In this talk, I will present a framework for analyzing the geometry of multiple 3D scene points from multiple uncalibrated images, based on the projection of those points onto a (real or virtual) physical reference planar surface in the scene. This approach decomposes the image formation process into two stages: (i) the 3D to 2D projection of scene points from camera centers onto the reference plane, and (ii) the 2D to 2D re-projection of the reference plane image onto the camera image plane. The two stage decomposition separates the inherent 3D to 2D projection relationships from the effects of camera internal parameters and the camera orientation. All standard inherent relationships involving multiple views can be derived in terms of the parallax displacement of the 3D scene points relative to the reference plane. Bi-focal and tri-focal constraints involving multiple points and views are given a concrete physical interpretation in terms of geometric relationships on the Euclidean reference plane. In addition to the standard relationships of multiple views of a single point, we also derive a set of dual relationships involving multiple points viewed from one or more cameras. These dual relationships are similar to those that have been previously derived, but are completely symmetric in their mathematical form, and have physical geometric interpretations.
In addition to showing the basic geometric relationships involving the planar parallax displacements, I will also describe ways of using these for 3D scene reconstruction and new-view synthesis from multiple uncalibrated real images. Without any knowledge of the Euclidean position and orientation of the reference plane, a projective reconstruction is obtained. Limited additional scene domain information can then be used to calibrate the scene in a stratified manner. I will describe an approach for obtaining ordinal, affine and Euclidean reconstruction by gradually increasing the amount of calibration information provided.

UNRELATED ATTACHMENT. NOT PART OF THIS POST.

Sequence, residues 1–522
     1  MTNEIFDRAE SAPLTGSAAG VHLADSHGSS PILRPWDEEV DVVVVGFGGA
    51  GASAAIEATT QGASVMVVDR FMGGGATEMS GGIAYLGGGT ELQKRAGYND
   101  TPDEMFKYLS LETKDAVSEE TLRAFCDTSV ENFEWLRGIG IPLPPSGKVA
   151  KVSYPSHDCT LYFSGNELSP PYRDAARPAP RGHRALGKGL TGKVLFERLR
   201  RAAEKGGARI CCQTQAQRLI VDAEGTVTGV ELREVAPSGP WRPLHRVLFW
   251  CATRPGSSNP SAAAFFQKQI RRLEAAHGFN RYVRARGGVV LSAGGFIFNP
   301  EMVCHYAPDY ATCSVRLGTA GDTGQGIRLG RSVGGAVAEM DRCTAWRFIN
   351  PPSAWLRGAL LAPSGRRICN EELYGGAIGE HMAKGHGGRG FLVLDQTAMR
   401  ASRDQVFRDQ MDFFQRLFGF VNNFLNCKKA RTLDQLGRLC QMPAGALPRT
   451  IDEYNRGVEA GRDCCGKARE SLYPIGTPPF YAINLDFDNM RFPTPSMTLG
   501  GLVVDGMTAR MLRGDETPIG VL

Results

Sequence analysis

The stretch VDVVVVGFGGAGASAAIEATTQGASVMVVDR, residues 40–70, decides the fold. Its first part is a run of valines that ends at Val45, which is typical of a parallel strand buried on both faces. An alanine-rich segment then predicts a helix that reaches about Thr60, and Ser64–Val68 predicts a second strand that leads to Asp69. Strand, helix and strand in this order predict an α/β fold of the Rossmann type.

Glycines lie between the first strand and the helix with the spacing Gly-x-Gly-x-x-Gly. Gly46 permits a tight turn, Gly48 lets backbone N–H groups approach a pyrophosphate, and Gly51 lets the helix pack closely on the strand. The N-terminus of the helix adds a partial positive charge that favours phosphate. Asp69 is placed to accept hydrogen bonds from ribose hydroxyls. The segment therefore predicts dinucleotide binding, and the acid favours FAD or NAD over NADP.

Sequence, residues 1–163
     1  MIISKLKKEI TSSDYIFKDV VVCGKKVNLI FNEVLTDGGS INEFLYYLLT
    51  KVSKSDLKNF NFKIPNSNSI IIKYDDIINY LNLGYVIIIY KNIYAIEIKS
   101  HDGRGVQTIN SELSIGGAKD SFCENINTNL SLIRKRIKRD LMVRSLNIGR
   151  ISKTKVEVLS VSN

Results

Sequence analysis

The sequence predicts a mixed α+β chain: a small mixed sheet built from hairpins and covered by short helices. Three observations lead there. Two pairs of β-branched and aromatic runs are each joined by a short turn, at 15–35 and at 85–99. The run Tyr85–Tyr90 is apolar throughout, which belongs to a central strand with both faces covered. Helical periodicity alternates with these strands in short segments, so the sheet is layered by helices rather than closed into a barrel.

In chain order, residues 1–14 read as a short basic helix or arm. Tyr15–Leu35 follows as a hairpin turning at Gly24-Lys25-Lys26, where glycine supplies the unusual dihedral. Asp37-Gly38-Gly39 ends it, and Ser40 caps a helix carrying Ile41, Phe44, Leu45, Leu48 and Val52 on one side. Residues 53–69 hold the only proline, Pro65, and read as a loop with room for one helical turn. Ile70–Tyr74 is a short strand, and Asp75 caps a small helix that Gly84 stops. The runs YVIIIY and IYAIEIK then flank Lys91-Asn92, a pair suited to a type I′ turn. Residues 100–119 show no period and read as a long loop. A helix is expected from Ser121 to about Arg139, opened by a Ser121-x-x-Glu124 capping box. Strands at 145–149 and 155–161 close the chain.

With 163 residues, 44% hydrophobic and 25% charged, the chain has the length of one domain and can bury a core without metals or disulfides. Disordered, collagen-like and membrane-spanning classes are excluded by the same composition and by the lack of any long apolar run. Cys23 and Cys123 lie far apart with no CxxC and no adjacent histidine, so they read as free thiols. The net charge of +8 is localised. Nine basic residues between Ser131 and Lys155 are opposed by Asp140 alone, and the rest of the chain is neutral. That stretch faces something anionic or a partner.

Work done jointly with:
Michal Irani, The Weizmann Institute, Rehovot, Israel
Daphna Weinshall, Hebrew University, Jerusalem, Israel
P. Anandan has been working in the field of computer vision for about 15 years, focusing primarily in the areas of motion, stereo, 3D scene recovery, and video analysis. He obtained his PhD in Computer Science from UMass in 1987. From 1987-1991 he was an Assistant Professor at Yale, and from 1991-1997 he was at the Sarnoff Corporation, where he worked in the team that developed Sarnoff's family of techniques for image alignment and model-based motion analysis. From 1995-1997 he led the Video Information Processing Research Group at Sarnoff. Since 1997 he has been a Senior Researcher at Microsoft, where he currently co-manages the Vision Technology Group. His current interests are focused on developing techniques for modeling 3D scenes and video action using image based representations.
He can be contacted at firstname.lastname@example.org.